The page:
On January 1, a new law will go into effect allowing California's motorists to place five- to seven-inch high-definition "video event recorders" on the windshield of their cars.
State Assemblyman Nathan Fletcher, representative for areas of San Diego, Poway, and Escondido, authored the bill. Fletcher's aim for Assembly Bill 1942, according to the legislation that was passed in June of this year, was to "reduce motor vehicle deaths" and promote "safe driving habits and reduced accidents."
"Studies of both teen and commercial drivers found that the use of video event recorders, paired with behavioral coaching, improved driver safety and reduced accidents," reads the bill.
The recorder will capture footage on a continuous digital loop. It will automatically save any footage that involves deployment of the airbags, or any sudden stops or erratic maneuvers and will store G-Force values and global-positioning coordinates.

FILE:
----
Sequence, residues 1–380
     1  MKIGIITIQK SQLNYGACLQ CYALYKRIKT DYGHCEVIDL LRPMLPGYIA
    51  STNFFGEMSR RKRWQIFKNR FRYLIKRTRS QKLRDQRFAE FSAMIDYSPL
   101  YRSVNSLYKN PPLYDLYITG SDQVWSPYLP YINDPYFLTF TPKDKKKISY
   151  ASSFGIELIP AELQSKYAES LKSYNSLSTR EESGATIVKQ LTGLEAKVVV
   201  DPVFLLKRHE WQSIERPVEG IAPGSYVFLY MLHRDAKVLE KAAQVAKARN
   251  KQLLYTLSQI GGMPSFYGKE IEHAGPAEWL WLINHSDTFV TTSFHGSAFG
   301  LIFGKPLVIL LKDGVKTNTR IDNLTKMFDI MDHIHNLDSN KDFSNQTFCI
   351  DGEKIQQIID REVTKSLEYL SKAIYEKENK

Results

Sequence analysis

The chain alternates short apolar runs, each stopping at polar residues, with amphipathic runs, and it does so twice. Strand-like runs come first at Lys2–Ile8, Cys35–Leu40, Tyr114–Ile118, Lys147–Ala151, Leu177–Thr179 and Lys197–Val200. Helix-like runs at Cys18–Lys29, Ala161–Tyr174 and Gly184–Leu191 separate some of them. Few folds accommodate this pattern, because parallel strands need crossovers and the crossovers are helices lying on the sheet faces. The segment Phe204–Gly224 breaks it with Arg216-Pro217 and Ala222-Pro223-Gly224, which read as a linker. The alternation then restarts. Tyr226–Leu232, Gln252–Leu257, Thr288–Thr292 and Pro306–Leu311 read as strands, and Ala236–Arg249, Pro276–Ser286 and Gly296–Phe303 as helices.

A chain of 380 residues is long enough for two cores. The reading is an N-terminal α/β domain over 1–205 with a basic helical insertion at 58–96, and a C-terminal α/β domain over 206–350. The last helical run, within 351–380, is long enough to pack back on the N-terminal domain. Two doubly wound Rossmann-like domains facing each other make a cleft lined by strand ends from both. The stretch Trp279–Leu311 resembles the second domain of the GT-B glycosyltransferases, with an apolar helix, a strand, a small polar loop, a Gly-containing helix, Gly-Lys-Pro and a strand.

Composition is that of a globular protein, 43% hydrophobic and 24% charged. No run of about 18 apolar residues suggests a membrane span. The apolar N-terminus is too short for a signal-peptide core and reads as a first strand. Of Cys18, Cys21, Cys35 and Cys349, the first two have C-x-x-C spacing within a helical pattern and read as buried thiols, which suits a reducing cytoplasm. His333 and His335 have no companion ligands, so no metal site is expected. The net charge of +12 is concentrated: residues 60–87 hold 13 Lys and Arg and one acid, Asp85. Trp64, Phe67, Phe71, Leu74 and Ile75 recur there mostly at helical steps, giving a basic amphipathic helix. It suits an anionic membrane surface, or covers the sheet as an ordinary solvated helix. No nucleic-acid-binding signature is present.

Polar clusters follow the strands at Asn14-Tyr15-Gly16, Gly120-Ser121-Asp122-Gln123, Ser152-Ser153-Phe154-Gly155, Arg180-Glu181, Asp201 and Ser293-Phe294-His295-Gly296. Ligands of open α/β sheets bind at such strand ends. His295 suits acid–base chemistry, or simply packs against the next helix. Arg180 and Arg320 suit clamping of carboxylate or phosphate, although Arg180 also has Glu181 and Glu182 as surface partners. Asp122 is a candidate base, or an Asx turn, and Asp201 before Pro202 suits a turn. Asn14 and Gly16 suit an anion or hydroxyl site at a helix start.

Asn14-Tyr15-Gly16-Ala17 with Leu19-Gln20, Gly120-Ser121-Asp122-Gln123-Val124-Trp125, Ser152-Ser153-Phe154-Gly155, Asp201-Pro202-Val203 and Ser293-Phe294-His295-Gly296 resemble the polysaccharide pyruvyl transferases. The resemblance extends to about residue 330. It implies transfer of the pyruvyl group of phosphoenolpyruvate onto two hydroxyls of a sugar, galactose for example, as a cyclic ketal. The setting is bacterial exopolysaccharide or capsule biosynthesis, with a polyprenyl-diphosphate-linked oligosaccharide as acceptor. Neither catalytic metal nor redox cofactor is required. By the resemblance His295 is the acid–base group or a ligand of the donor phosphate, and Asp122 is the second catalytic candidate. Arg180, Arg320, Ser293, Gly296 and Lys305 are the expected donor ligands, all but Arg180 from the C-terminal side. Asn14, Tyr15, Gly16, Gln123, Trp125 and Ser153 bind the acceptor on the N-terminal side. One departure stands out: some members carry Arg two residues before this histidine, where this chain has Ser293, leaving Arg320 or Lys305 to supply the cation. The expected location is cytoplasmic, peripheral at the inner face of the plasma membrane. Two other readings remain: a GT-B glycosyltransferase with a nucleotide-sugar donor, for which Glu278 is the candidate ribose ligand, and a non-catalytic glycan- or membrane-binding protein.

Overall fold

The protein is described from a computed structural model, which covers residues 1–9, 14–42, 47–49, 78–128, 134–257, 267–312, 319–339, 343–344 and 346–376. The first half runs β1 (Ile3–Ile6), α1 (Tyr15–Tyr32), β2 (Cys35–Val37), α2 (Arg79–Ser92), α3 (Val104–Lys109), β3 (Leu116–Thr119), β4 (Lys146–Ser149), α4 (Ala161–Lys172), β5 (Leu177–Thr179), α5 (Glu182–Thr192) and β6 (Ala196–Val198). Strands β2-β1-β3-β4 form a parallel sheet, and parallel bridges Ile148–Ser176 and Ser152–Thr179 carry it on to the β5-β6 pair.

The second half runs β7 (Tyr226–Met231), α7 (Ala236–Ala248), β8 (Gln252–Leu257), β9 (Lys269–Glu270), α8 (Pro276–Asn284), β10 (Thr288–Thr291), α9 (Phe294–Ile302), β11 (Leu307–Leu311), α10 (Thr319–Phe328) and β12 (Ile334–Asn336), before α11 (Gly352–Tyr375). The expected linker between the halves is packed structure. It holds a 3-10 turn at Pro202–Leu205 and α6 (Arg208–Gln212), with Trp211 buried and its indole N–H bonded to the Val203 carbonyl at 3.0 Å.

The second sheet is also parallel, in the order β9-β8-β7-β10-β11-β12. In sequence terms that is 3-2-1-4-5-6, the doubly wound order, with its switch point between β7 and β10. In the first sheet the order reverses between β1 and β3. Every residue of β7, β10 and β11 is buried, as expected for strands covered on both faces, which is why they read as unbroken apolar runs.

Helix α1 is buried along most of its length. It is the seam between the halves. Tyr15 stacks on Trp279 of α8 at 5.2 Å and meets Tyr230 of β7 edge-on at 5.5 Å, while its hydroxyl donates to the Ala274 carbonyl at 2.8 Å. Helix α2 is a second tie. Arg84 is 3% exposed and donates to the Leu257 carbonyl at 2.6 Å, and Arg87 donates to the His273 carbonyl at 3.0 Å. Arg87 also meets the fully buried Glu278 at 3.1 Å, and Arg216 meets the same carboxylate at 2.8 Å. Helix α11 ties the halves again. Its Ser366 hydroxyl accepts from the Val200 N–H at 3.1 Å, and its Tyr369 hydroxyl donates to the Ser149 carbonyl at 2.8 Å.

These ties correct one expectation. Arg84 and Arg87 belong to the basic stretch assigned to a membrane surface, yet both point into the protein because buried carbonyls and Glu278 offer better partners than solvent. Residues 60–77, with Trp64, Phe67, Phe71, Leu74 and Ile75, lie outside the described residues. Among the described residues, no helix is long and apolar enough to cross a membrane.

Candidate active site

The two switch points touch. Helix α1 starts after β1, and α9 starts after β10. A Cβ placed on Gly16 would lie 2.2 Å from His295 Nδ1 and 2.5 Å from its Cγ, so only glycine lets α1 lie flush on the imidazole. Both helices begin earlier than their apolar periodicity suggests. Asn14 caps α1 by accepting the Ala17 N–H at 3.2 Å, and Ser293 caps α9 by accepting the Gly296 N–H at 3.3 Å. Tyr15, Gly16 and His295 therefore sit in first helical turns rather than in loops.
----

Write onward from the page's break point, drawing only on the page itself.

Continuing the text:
The driver can also choose to manually record aggressive driving behavior and record audio.
Fletcher's bill, however, didn't go without some resistance. Labor unions and civil rights unions opposed the bill. The International Brotherhood of Teamsters felt that operators of commercial vehicles should be given unedited copies of the recordings and have the right to disable the recorder up to 30 seconds before and after an event. The teamsters later withdrew their opposition after Fletcher amended the bill.
The American Civil Liberties Union argued that the requirement for drivers to post a notice inside the car informing their passengers of the recording was not sufficient.
The civil rights union objected to recording audio and ensuring that all passengers gave consent to have their conversations recorded.